The word "fly" is a homograph. Homographs are words that are spelled the same but have different meanings and different origins. For example, there is the fly on your pants, referred to as a zipper, and that pesky winged insect that makes annoying buzzing sounds.
Why is it that the only time I forget to zip up my pants is when I'm trying to impress a potential client? It always happens when I'm rushed for time and is only noticed when I see people staring at the area below my waist where polite people don't usually stare. When I look down to see what people are looking at, I notice part of my shirttail poking out the front of my slacks. Usually clients have a sense of humor and laugh more at the color of my face (which by now is crimson from embarrassment) than at the unzipped fly.
The other fly is that pesky winged critter that makes annoying whirring, humming sounds until it lands. I like the ones that are musical with their varying droning pitches of incessant buzzing. The flight of the flies usually takes place on a hot summer night around 2 a. m. waking me from a sound sleep. At that point, I am usually up looking for the fly swatter (no, I'm not going to swat zippers) so that I can squash that intolerable noise. It turns out, this summer, I didn't need a fly swatter after all. When a fly landed on me, it bit me. The poor thing dropped over dead on the floor. It must have been that jalapeno pepper I had with dinner.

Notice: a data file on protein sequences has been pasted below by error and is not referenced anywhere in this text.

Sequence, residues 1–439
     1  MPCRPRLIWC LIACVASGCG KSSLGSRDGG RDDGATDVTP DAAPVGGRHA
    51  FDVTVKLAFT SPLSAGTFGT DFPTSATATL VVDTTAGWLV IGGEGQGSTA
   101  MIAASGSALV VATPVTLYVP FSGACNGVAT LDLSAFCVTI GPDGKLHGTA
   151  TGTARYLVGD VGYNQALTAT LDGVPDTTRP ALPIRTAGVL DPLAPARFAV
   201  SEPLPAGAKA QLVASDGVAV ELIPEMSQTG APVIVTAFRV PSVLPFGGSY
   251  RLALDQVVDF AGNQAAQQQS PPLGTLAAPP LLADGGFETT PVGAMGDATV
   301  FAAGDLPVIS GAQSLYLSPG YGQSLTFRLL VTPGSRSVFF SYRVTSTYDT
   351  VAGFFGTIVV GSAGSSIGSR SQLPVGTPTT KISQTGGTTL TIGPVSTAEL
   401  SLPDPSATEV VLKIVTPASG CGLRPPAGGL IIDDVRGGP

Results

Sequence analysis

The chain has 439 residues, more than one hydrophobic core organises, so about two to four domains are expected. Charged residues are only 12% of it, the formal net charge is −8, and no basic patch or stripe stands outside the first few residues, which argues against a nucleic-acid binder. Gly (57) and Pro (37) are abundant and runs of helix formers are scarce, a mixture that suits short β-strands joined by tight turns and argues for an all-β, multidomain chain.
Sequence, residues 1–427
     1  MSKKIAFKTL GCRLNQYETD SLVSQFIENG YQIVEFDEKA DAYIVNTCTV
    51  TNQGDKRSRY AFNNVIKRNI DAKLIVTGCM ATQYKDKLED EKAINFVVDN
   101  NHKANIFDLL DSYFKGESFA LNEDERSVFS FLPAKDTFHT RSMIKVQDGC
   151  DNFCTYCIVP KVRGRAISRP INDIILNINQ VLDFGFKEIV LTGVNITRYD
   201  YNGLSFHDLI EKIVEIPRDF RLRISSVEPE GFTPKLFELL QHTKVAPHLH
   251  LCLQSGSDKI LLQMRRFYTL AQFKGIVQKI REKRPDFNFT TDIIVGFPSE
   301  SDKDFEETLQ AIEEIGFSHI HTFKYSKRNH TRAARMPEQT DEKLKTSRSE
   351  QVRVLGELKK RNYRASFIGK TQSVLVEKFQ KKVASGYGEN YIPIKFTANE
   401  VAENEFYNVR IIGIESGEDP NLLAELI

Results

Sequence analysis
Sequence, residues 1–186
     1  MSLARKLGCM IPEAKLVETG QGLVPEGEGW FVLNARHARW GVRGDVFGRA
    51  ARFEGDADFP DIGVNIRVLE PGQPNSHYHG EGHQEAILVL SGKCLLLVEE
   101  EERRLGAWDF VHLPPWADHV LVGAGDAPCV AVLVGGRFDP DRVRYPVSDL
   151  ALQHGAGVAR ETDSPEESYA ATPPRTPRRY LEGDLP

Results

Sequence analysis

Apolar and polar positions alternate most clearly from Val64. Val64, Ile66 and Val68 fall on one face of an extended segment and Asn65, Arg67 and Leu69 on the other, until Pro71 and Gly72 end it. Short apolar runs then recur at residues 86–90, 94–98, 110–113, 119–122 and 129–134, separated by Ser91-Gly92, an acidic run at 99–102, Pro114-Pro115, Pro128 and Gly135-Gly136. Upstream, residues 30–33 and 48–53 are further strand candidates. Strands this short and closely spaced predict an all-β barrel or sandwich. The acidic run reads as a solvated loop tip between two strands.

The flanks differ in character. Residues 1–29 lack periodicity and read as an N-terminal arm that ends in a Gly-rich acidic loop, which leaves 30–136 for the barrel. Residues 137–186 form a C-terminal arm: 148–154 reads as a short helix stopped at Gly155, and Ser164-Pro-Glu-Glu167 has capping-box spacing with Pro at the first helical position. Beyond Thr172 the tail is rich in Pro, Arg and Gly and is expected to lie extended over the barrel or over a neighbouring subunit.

Have fun with words. Just remember, keep your fly zipped, and learn to enjoy jalapeno peppers because I've discovered that they kill the other kind. . . flies that is.
Copyright © 2005 by Pamela Beers. All rights reserved.
Pamela Beers is a freelance writer, and educator who is a platinum ezine article expert. You may visit her website at http://www.pamelabeers.com for writing and marketing tips.